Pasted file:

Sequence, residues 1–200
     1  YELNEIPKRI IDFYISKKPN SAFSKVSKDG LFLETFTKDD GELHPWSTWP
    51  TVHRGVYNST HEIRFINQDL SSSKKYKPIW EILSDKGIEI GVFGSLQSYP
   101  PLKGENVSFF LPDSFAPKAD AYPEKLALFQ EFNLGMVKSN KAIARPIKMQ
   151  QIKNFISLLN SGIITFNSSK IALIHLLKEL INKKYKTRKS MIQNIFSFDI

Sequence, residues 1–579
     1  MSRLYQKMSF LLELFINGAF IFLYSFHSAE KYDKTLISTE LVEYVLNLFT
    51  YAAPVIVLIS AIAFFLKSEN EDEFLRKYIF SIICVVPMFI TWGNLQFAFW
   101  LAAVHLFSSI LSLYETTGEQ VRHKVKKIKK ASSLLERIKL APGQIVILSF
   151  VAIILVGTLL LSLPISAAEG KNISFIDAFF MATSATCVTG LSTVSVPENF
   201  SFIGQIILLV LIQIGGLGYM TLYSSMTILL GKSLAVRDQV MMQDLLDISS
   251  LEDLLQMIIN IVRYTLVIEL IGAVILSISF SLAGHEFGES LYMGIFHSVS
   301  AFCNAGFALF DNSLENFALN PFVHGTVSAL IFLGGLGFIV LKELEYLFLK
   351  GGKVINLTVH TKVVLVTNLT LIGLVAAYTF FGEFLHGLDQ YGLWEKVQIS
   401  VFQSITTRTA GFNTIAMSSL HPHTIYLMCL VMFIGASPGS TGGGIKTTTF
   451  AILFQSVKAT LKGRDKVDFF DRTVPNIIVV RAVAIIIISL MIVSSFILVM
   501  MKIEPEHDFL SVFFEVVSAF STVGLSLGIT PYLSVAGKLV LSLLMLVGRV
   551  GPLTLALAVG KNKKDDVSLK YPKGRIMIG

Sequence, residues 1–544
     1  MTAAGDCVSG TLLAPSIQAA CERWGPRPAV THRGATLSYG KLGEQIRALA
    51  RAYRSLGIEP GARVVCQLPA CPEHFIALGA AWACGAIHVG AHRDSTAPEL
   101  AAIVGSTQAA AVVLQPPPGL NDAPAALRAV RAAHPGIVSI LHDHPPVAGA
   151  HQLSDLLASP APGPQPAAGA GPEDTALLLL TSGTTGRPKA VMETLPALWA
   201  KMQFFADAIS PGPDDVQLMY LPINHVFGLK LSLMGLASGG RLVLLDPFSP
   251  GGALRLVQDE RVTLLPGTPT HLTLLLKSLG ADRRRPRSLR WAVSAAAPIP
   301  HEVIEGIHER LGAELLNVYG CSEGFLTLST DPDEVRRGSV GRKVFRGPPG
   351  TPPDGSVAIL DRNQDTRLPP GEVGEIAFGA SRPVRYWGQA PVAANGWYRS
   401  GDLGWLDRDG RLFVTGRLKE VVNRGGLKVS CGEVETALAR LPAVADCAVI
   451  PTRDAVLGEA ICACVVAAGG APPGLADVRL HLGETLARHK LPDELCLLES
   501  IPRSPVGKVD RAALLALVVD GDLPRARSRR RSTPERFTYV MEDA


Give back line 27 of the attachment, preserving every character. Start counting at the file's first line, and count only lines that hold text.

   351  TPPDGSVAIL DRNQDTRLPP GEVGEIAFGA SRPVRYWGQA PVAANGWYRS